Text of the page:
Archive for 'Arts and science'

Whistled languages – like ‘local cellular phones’ (study)

Friday, July 21st, 2017

“Whistled languages are a valuable heritage of human culture.” – explained a 2004 paper : ‘Bioacoustics of human whistled languages: an alternative approach to the cognitive processes of language’ (in : An. Acad. Bras. Ciênc. vol.76 no.2, June 2004).

It was authored by Dr. Julien Meyer of the Laboratoire de Dynamique du Langage (DDL)-CNRS, Institut des Sciences de l’Homme (ISH), Lyon, France, and described a survey about a new multidisciplinary approach :

“Whistled languages can be regarded as a transposition of a given local language into a repertoire of whistles.“

The survey concluded that :

“ . . . whistled languages are products of human intelligence and not just curiosities or ‘surrogates’ in the pejorative sense. They show a widespread distribution across cultures and have obviously developed quite independently of each other, but mostly related to a particular local environment. They are quite clearly defined and represent an original adaptation of the spoken language, like a ‘local cellular phone’ for the needs of isolated human groups.”

Also do not miss : Les langues sifflées – from the Association de recherche Le Monde Siffle (The World Whistles Research Association) – which hosts audio examples from Mexico, Greece, Turkey, and of course the Canaries – home of ‘Le Silbo’ as pictured above.

The Museum of Menstruation

Tuesday, July 18th, 2017

If you are, or ever have been, or ever might be involved with human reproduction, you will probably learn interesting things by visiting the Museum of Menstruation.

The museum currently exists online, and is looking for a physical home in or near New York City, a metropolis in which human reproduction is believed to occur with some frequency.

“God is a Porcupine—Brain, Consciousness and Spacetime Physics” [research study]

Sunday, July 16th, 2017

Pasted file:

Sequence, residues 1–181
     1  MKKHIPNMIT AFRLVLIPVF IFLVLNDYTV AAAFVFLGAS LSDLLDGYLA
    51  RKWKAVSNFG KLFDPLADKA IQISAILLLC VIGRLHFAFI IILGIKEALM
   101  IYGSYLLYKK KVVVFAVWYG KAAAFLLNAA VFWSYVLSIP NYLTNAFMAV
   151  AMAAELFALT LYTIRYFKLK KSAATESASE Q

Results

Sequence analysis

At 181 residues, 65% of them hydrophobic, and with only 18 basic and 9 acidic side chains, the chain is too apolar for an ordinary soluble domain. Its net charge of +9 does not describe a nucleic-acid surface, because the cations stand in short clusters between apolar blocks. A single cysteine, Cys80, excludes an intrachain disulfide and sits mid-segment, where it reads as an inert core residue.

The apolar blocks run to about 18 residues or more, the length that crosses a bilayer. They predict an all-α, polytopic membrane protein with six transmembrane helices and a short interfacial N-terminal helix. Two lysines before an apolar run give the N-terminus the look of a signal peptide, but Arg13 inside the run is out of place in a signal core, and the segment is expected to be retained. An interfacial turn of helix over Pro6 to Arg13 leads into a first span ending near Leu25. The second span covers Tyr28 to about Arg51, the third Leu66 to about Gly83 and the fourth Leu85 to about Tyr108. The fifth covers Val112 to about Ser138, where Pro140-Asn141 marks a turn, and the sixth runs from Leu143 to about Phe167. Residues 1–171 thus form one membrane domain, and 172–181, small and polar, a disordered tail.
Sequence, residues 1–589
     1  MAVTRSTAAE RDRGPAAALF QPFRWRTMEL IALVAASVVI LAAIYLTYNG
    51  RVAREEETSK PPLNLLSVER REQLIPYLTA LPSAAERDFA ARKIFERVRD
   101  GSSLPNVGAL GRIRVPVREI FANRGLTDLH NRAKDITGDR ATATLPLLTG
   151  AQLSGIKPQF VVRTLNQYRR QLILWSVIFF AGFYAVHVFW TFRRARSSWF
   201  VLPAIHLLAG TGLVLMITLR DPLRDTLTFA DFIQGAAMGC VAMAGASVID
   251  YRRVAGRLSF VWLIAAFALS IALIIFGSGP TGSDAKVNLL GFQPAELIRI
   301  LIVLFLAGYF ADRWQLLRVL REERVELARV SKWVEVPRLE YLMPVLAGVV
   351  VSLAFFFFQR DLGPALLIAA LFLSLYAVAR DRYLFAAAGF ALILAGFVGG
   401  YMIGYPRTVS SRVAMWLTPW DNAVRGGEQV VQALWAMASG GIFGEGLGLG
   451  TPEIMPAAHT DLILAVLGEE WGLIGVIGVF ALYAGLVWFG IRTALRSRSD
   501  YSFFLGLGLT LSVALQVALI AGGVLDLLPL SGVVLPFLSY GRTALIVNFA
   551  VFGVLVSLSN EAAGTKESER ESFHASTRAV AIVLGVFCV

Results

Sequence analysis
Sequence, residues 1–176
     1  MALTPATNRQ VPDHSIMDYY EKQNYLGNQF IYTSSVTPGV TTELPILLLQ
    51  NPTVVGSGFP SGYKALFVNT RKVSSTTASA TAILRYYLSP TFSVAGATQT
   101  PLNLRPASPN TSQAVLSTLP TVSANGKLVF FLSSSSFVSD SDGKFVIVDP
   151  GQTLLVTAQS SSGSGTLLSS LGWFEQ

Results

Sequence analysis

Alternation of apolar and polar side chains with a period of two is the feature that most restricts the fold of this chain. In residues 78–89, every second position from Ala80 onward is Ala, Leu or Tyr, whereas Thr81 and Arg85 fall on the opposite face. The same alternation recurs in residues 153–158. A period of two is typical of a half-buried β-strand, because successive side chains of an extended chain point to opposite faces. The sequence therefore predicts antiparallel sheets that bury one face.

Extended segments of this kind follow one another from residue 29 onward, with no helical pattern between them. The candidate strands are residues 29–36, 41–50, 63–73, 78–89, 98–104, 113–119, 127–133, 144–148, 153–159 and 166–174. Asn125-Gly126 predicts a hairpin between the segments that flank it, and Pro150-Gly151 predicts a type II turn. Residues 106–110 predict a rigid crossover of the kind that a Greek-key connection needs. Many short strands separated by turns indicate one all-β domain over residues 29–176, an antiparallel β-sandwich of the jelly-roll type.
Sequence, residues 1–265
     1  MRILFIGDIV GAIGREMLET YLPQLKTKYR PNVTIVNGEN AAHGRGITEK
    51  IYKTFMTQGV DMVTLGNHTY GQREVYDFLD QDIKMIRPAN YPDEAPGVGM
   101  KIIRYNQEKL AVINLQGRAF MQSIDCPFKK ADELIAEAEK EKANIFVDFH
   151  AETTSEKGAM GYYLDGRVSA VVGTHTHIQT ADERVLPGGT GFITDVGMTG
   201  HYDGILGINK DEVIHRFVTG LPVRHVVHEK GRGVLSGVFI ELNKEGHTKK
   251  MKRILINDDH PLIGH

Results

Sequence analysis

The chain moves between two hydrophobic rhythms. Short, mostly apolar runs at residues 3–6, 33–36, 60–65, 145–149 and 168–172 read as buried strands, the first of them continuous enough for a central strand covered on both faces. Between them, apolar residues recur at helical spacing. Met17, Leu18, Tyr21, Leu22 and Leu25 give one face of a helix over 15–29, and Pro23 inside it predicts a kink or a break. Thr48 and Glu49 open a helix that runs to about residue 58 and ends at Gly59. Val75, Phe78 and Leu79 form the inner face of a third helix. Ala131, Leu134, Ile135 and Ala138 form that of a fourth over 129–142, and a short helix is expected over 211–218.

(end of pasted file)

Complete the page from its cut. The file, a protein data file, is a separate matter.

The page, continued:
Sometimes the title is enough to give a deep understanding of an entire research paper. Here’s an example, a study called “God is a Porcupine—Brain, Consciousness and Spacetime Physics,” by Walter J. Christensen Jr. of California State University Fullerton, published in the Journal of Modern Physics, July 2017.

Bees also like (paintings of) sunflowers (study)

Thursday, July 13th, 2017

“Flower colours have evolved over 100 million years to address the colour vision of their bee pollinators.” With this in mind, investigators Professor Lars Chittka and Julian Walker of Queen Mary College, University of London, decided to investigate whether bees might also be attracted to paintings of flowers – for example (a copy of) Van Gogh’s Sunflowers.

A set of experiments demonstrated that, yes, they are : “[…] when bees were confronted with paintings containing flowers, the majority of landings were indeed recorded on flowers.”

See: Do bees like Van Gogh’s Sunflowers? , L. Chittka, J. Walker / Optics & Laser Technology 38 (2006) 323–328

Note: The photo is from a follow up study by the same team. Chittka, L. & Walker, J. (2007). ‘Insects as art lovers: Bees for Van Gogh.’ Antennae, 2: 37-42.

 

 

 

 

 

 

 

Biscuits-with-No-Added-Sugar-Containing-Stevia,-Coffee-Fibre-and-Fructooligosaccharides News

Tuesday, July 11th, 2017

There’s big news for anyone with a keen interest in biscuits with no added sugar containing stevia, coffee fibre and fructooligosaccharides.

Details are in this new study: “Biscuits with No Added Sugar Containing Stevia, Coffee Fibre and Fructooligosaccharides Modifies α-Glucosidase Activity and the Release of GLP-1 from HuTu-80 Cells and Serotonin from Caco-2 Cells after In Vitro Digestion, ” Nuria Martinez-Saez, Christina Maria Hochkogler, Veronika Somoza, and Maria Dolores del Castillo, Nutrients, 2017, 9(7), 694.

The authors are at Universidad Autónoma de Madrid and the University of Vienna. Here’s further detail from the study: